Read the full story here.

7:30 a.m. Illinois’ pandemic death toll surpasses 17,500

State health officials on Sunday reported an additional 81 coronavirus-related deaths, bringing Illinois’ pandemic death toll to 17,574.

Cook County accounted for nearly three-quarters of Sunday’s reported fatalities. In total, 59 of the 81 deaths were reported in the Chicago area, including a Cook County man and woman in their 30s.

Illinois has logged more than 1,000 COVID-related deaths in January alone, averaging about 108 fatalities each day this month. That’s down from the first 10 days in December, when the state was averaging 159 deaths a day.

State health officials also announced 4,711 new and probable coronavirus cases, which were found in the latest batch of 77,775 tests reported to the Illinois Department of Public Health in the last day.

That lowered the statewide seven-day positivity rate to 7.9% — a slight decline from last Sunday when that figure, which experts use to gauge how rapidly the virus is spreading in the state, was 8.3%.

Read the full story from Madeline Kenney here.

7 a.m. House lawmakers may have been exposed to COVID-19 during violent Capitol riot

WASHINGTON — House lawmakers may have been exposed to someone testing positive for COVID-19 while they sheltered at an undisclosed location during the Capitol siege by a violent mob loyal to President Donald Trump.

The Capitol’s attending physician notified all lawmakers Sunday of the virus exposure and urged them to be tested. The infected individual was not named.

Dr. Brian Moynihan wrote that “many members of the House community were in protective isolation in the large room — some for several hours” on Wednesday. He said “individuals may have been exposed to another occupant with coronavirus infection.”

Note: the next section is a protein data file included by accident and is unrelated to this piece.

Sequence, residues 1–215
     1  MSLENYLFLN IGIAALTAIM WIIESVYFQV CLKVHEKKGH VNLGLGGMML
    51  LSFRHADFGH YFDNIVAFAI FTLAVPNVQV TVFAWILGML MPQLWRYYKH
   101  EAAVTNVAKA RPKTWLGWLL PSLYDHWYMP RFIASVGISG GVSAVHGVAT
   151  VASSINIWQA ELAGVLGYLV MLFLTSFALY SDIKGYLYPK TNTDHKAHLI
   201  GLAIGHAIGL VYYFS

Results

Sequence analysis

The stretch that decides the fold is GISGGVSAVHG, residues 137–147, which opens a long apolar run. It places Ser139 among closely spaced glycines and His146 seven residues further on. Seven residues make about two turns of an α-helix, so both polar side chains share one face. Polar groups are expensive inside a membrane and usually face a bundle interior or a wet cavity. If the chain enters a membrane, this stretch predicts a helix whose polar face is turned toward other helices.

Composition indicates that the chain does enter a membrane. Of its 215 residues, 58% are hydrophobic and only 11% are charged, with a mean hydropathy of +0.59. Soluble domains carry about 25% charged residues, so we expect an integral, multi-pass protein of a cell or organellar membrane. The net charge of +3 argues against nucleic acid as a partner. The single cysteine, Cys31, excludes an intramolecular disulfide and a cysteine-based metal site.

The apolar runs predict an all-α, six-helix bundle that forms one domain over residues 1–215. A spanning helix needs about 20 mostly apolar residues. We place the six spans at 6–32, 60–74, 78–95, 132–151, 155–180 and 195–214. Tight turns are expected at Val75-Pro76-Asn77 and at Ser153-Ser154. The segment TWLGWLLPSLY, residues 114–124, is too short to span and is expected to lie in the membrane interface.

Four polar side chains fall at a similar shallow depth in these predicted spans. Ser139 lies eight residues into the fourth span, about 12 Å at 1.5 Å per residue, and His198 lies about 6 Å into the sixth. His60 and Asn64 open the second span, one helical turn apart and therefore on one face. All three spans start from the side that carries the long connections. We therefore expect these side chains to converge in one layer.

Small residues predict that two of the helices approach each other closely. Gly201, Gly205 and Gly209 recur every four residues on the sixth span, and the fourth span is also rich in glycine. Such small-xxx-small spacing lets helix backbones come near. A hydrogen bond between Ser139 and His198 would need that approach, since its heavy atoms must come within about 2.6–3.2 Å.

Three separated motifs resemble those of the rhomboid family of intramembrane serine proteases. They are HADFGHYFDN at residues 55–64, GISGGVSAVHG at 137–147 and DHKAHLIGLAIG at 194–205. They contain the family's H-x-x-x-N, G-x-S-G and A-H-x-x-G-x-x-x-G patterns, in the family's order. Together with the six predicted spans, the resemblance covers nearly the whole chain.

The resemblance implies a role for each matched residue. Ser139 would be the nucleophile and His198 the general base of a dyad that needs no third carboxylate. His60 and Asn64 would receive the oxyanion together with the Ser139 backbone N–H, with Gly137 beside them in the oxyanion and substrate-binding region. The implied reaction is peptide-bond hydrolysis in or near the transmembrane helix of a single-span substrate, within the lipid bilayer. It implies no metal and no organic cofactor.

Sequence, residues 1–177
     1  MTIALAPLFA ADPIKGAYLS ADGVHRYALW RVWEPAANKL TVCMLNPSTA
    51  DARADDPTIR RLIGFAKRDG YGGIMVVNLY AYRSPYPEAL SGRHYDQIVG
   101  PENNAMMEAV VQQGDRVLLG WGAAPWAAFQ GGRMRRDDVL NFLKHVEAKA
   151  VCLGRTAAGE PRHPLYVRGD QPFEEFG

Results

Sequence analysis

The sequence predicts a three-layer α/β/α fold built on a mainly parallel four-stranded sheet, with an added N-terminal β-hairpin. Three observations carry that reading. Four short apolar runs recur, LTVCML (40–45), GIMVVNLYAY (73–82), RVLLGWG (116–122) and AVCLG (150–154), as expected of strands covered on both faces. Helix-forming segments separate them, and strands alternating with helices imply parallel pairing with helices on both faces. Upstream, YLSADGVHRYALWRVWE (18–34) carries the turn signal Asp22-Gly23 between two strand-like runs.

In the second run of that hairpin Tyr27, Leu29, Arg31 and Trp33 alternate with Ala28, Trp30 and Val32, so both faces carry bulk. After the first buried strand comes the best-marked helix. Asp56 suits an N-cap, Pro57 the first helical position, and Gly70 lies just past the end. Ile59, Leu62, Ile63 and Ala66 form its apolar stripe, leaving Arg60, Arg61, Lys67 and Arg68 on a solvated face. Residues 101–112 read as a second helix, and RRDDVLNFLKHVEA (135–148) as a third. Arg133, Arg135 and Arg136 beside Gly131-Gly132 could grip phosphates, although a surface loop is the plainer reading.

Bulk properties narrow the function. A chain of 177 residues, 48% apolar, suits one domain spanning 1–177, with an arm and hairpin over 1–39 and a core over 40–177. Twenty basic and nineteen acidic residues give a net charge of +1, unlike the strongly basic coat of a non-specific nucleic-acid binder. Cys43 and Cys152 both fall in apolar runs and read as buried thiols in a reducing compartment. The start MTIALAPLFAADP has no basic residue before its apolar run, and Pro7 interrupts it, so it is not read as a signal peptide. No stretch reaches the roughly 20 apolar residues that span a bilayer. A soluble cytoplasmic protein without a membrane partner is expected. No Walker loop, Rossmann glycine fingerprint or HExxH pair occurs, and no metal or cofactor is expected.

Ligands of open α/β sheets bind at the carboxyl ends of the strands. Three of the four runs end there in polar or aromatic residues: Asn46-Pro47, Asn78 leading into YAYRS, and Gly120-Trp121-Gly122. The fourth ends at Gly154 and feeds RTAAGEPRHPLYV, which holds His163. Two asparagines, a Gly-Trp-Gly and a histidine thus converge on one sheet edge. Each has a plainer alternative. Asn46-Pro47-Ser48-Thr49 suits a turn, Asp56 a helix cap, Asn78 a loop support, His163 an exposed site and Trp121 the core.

Dozens of lawmakers were whisked to the secure location after pro-Trump insurrectionists stormed the Capitol that day, breaking through barricades to roam the halls and offices and ransacking the building.

Some members of Congress huddled for hours in the large room, while others were there for a shorter period.

Read the full story here.

New Cases

Analysis and commentary

9 a.m. COVID-19 vaccine should be mandatory for state workers who care for high-risk people

The first round of the long-awaited COVID-19 vaccine was administered to residents and employees of Illinois veterans’ homes in late December, but data shows that the number of caregivers vaccinated is worrisome.

Seventy-four percent of residents in the homes have been vaccinated — that’s 95% of residents in Anna, 90% in Manteno and Quincy, and 71% in LaSalle — according to the Illinois Department of Veterans’ Affairs. However, the people charged with providing care to our most vulnerable residents have been vaccinated in much lower percentages. Only 40% of the staff throughout Illinois have received the vaccine as of Dec. 31.

After waiting more than nine excruciating months for a vaccine, that is unacceptable. We believe the vaccine should be a mandatory condition of employment in all facilities in the state that care for high-risk individuals, especially the elderly. The only temporary exception would be for those who recently had COVID-19 or currently have it.

Read the full editorial here.